Women and child welfare schemes in india and how media can promote outreach

Anshul Joshi

With the government today, coming with so many programmes, policies and schemes for Women and Children, the role of Media becomes foremost important in educating people and making them aware about these latest schemes, policies and developments, so that the underprivileged sections which are in dire need of help can be benefitted through these schemes. The biggest drawback or failure in the functioning of any government policy/scheme is usually that, the schemes and policies are made keeping target sections in mind, but they ultimately don’t reach them because of lack of awareness and promotion in Media. Hence media can really prove itself to be a leading source and primary medium for educating people about all these latest developments and can connect people from even the most backward and unknown districts with the mainstream governance and administration by generating enough awareness. The Media should highlight the loopholes within our system and must report the flaws and areas where stringent steps need to be taken to reach out to appalled sections. All the branches of media whether Print, Electronic or Digital can work for this cause by creating awareness about circumstances wherein there can be violence against women and children, highligting the regions with high infant & maternal mortality rates, promoting talks on gender equality especially in backward and rural areas, exposing the rackets of child labour & trafficking and emphasizing on matters related to child abuse in our society.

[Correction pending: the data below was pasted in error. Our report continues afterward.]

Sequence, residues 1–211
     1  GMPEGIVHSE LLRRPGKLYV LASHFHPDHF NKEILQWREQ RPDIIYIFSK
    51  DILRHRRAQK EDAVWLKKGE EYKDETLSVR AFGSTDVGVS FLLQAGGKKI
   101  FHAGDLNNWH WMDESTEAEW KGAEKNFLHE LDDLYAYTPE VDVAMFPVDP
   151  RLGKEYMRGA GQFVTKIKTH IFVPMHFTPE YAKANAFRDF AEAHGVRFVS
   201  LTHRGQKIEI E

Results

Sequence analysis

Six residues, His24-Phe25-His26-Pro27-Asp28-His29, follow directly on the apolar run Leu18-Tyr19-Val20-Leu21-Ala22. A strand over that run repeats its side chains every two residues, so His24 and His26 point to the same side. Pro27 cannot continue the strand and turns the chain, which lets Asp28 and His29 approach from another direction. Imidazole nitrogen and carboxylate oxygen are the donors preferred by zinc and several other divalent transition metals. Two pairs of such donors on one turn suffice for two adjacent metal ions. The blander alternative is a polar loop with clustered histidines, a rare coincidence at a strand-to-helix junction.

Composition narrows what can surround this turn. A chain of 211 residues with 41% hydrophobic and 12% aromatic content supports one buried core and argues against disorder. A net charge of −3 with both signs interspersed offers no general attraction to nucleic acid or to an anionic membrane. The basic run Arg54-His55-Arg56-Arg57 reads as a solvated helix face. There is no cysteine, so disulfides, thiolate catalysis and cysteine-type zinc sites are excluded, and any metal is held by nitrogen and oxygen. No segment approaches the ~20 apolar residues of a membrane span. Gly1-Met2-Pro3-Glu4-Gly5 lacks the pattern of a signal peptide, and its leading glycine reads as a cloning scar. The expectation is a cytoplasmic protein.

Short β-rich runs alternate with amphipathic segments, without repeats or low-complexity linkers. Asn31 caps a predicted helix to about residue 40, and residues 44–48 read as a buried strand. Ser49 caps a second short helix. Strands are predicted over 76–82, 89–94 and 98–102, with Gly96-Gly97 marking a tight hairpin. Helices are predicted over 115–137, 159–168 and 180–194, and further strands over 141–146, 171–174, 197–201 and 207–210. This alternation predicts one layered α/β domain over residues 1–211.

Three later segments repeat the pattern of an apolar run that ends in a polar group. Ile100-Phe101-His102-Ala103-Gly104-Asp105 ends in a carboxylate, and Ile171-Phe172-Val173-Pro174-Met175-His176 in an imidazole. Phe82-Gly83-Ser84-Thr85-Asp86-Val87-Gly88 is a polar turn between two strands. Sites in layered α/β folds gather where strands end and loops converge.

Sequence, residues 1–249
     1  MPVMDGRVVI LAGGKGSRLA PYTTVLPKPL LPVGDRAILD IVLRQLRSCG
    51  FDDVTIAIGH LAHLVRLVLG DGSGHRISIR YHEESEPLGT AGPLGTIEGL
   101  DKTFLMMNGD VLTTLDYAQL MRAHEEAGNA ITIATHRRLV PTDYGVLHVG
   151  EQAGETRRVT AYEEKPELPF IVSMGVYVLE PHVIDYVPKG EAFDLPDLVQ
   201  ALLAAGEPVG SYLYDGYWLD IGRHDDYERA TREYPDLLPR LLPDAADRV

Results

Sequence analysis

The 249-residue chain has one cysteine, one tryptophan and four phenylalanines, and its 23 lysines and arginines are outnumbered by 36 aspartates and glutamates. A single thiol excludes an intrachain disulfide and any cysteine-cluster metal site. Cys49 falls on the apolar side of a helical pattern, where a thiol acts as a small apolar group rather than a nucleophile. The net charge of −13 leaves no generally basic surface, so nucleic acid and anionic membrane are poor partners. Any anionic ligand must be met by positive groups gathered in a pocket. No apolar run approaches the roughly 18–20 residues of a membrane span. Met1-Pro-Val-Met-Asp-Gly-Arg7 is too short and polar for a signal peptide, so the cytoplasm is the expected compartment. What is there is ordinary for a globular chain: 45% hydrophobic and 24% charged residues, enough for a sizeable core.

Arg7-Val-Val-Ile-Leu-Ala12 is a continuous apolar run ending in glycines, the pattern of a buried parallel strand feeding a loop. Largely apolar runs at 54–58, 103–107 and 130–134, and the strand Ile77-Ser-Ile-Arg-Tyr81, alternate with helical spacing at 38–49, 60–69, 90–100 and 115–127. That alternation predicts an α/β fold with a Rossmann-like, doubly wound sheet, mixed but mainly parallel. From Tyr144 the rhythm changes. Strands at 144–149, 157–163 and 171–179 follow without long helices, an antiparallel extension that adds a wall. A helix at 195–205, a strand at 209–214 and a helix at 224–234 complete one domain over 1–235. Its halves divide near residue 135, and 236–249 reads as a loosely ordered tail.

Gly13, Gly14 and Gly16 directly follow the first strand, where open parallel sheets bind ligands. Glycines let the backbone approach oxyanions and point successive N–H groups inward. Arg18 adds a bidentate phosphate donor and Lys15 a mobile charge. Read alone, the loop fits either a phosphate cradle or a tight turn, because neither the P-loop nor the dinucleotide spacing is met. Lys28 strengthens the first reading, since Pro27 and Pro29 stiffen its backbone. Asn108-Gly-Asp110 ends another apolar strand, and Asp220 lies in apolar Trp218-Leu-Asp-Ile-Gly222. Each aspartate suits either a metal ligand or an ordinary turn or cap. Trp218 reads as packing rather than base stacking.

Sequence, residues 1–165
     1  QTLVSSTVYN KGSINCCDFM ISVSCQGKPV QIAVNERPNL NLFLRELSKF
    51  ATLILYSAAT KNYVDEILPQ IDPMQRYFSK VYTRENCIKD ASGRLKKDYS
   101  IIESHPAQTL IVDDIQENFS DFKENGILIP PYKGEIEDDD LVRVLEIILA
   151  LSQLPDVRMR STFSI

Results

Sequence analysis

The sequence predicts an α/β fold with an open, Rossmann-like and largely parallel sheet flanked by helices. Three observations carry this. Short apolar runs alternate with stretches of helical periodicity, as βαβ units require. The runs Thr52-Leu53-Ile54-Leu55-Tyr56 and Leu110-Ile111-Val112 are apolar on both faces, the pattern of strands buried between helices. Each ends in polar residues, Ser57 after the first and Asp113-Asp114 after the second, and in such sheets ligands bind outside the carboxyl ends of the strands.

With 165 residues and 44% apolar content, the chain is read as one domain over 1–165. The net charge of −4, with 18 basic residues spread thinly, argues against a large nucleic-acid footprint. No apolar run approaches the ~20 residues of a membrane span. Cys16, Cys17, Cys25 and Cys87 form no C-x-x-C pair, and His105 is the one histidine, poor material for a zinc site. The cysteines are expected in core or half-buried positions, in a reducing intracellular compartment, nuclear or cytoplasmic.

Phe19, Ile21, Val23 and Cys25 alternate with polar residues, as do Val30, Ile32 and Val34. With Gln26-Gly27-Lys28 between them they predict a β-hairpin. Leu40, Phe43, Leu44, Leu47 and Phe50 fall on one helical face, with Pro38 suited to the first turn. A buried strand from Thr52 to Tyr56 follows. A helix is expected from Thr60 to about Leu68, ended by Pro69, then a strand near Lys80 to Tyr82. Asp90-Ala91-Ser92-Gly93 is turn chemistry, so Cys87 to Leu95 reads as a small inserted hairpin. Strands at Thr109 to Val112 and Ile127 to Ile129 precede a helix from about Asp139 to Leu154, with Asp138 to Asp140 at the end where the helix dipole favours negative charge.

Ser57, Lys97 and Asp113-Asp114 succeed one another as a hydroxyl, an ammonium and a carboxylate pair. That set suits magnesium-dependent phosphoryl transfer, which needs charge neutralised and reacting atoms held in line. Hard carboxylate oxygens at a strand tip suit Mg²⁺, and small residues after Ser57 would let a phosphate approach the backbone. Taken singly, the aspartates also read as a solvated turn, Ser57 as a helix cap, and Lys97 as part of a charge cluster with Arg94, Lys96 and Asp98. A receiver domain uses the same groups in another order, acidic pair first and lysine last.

The government has initiated some really good schemes for Women and Child Welfare. But more than schemes and laws, social discussions, debate, promotion and awareness are the areas which need to be addressed to deal with concerned problems. The day, when these schemes and programmes will reach each and every corner of our country, then our developing country will emerge as a developed and prosperous nation. The government has made many schemes for women and child development, but people in rural and backward areas know only about two or three such schemes out of all. Therefore, there is an immense need to promote outreach. There has to be an openness to change and willingness to educate not just women but even men to make sure that the society is ready to embrace equal rights and opportunities for both men and women. The need of hour is to educate, aware and sensitize the society regarding women and child issues.

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